new marketing ideas for CS in high school mathematics

kirby urner kirby.urner at
Tue Sep 23 11:05:00 EDT 2014

In the post linked below I'm somewhat following the Math Without Borders
curriculum writer, David Chandler, in thinking introductory ("high school")
mathematics would benefit from lambda calculus and computer languages, not
at all a new idea around here by any means.

The marketing breakthrough, which is shallow / superficial, one might say
(reaching out to my critics), is to brand the Newton-Leibniz differential /
integral calculus we teach in high schools today "delta calculus" (emphasis
on using a Greek letter).  "Lambda calculus" (another Greek letter) then
stands out as a fork in the road around Algebra in the sequence, as in
"Which calculus would you like to focus on next?".  A new way of posing the
choice: delta or lambda for your main entre, after the appetizers and
"algebra soup".

Earlier in this archives, you'll find my test-marketing "analog versus
digital" mathematics, recapitulating the move from vinyl to digital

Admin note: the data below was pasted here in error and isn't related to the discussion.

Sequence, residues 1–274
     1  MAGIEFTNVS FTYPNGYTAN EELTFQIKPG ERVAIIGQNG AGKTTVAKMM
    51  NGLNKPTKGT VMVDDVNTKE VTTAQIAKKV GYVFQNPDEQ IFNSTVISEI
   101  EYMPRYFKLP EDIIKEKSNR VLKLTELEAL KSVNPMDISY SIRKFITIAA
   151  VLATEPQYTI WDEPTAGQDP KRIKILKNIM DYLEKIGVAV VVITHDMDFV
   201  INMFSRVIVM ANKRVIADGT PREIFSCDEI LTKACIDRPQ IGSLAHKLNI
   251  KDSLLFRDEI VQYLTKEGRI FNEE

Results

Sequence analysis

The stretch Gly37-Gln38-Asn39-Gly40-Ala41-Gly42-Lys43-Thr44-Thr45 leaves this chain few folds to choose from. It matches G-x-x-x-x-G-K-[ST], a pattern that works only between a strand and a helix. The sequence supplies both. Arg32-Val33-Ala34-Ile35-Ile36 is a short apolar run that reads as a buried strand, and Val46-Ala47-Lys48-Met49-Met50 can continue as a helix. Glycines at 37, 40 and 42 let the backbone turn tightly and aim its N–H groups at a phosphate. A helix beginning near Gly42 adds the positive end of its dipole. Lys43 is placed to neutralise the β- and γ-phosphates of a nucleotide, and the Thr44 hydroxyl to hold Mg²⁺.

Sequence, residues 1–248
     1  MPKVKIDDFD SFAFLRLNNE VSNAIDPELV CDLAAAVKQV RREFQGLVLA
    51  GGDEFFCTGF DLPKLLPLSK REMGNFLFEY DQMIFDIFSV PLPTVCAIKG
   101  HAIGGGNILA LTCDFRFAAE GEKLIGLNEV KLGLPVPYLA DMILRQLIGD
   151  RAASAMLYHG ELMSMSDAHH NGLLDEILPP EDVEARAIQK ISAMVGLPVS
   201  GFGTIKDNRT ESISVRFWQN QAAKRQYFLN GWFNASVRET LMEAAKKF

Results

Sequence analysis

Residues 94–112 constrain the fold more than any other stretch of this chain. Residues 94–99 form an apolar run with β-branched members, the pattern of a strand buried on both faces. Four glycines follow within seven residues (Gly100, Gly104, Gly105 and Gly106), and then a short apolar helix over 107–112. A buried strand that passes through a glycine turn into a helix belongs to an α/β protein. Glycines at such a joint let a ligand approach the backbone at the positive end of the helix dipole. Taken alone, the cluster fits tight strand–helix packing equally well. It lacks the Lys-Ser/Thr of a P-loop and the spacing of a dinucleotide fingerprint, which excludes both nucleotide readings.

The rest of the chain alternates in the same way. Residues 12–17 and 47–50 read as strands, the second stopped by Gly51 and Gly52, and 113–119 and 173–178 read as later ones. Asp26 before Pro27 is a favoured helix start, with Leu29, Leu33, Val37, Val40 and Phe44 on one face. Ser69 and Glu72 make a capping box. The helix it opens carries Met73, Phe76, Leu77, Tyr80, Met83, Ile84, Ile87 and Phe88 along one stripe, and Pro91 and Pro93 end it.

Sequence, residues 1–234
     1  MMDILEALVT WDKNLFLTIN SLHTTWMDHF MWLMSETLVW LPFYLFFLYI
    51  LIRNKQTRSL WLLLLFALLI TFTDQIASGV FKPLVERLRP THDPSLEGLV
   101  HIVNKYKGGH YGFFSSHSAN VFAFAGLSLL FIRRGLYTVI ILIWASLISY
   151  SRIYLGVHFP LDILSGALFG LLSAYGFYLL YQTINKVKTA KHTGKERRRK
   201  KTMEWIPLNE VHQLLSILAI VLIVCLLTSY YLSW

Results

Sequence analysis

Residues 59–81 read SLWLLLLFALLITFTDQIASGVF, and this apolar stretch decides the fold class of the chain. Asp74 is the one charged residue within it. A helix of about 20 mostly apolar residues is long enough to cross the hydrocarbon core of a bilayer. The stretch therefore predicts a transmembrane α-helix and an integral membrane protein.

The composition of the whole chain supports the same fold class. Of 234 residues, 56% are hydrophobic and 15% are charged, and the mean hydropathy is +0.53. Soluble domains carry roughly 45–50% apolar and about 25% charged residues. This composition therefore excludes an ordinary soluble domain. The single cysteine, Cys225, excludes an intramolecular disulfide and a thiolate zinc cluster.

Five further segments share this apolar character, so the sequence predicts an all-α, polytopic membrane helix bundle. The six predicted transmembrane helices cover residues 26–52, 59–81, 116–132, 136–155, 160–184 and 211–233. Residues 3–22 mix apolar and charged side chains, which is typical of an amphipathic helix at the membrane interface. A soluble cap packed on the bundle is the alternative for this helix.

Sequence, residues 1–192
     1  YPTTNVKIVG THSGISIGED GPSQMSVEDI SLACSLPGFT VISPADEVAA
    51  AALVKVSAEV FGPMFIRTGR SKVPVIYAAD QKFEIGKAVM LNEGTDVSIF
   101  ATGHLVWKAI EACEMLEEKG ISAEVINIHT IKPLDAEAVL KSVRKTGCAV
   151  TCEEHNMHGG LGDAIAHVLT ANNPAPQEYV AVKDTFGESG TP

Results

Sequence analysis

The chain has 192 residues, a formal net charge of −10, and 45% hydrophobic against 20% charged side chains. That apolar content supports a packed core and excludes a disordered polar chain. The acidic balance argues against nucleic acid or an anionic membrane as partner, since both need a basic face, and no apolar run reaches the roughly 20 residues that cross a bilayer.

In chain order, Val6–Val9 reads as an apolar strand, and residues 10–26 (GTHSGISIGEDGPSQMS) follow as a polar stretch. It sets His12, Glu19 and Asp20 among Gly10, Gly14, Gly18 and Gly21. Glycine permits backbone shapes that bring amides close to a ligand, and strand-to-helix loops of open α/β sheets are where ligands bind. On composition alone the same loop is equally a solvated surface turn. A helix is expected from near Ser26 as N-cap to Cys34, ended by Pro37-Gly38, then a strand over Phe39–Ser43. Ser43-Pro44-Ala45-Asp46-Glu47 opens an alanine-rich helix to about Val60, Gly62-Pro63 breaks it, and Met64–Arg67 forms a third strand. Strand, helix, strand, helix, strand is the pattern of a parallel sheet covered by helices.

recordings in music (vinyl is still big).  Differential calculus, with its
obsession with real numbers and continuity, was "analog" whereas computers
were of course discrete / finite state machines and so "digital".  Again,
this is looking for mnemonics or memes to help popular culture wrap its
mind around an abstract difference:  real analysis versus discrete
mathematics and statistics if you will.

Anyway, the marketing campaign has evolved from "analog versus digital" to
"delta versus lambda" with the "versus" not marking any battle or animosity
(we're looking at two valid branches of topics) but marking a competition
for attention in our busy young lives as high schoolers (that's the
stereotype / average demographic I'm thinking about reaching).

We (as in "we students") have to choose a focus, at least for the next ten
minutes, and "delta versus lambda" encapsulates a kind of choice.  A choice
to start thinking about in Algebra:  "do I want to go in the direction of
computer science or do I expect to need differential equations every day,
or both, or neither?"  Time to start planning ahead.

Lambda calculus reinvents itself (the Greek letter chosen somewhat at
random by Alonzo Church) and has Category Theory, Design Patterns, whatever
it needs to keep going as integral to CS.  Serving it up as an alternative
to "delta calculus" is, I think, a promising campaign.  The premise was
getting schools to give math credits, math mandatory, versus elective
credits only, for computer-related activities.  I feel that corner has been
turned already, in least in some states, so the next challenge is to
capitalize further on that "lemma victory".


Related blog post:

More information about the Math-thinking-l mailing list